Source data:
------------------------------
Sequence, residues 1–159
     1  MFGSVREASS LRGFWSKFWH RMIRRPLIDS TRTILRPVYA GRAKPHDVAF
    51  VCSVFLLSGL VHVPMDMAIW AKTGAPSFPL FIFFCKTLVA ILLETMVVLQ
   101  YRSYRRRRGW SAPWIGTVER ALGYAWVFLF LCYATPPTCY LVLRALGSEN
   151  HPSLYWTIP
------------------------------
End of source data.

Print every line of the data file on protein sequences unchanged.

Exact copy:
Sequence, residues 1–159
     1  MFGSVREASS LRGFWSKFWH RMIRRPLIDS TRTILRPVYA GRAKPHDVAF
    51  VCSVFLLSGL VHVPMDMAIW AKTGAPSFPL FIFFCKTLVA ILLETMVVLQ
   101  YRSYRRRRGW SAPWIGTVER ALGYAWVFLF LCYATPPTCY LVLRALGSEN
   151  HPSLYWTIP